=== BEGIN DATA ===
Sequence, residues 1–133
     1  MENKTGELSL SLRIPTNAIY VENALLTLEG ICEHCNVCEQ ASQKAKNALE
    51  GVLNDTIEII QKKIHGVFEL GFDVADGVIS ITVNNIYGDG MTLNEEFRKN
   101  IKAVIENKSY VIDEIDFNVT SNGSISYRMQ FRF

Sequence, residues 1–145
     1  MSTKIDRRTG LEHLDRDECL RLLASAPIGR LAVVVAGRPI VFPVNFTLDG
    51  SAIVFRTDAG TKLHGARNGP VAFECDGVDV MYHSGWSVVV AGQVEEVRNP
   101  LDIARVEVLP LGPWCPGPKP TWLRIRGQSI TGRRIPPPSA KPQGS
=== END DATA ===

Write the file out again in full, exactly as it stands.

Sequence, residues 1–133
     1  MENKTGELSL SLRIPTNAIY VENALLTLEG ICEHCNVCEQ ASQKAKNALE
    51  GVLNDTIEII QKKIHGVFEL GFDVADGVIS ITVNNIYGDG MTLNEEFRKN
   101  IKAVIENKSY VIDEIDFNVT SNGSISYRMQ FRF

Sequence, residues 1–145
     1  MSTKIDRRTG LEHLDRDECL RLLASAPIGR LAVVVAGRPI VFPVNFTLDG
    51  SAIVFRTDAG TKLHGARNGP VAFECDGVDV MYHSGWSVVV AGQVEEVRNP
   101  LDIARVEVLP LGPWCPGPKP TWLRIRGQSI TGRRIPPPSA KPQGS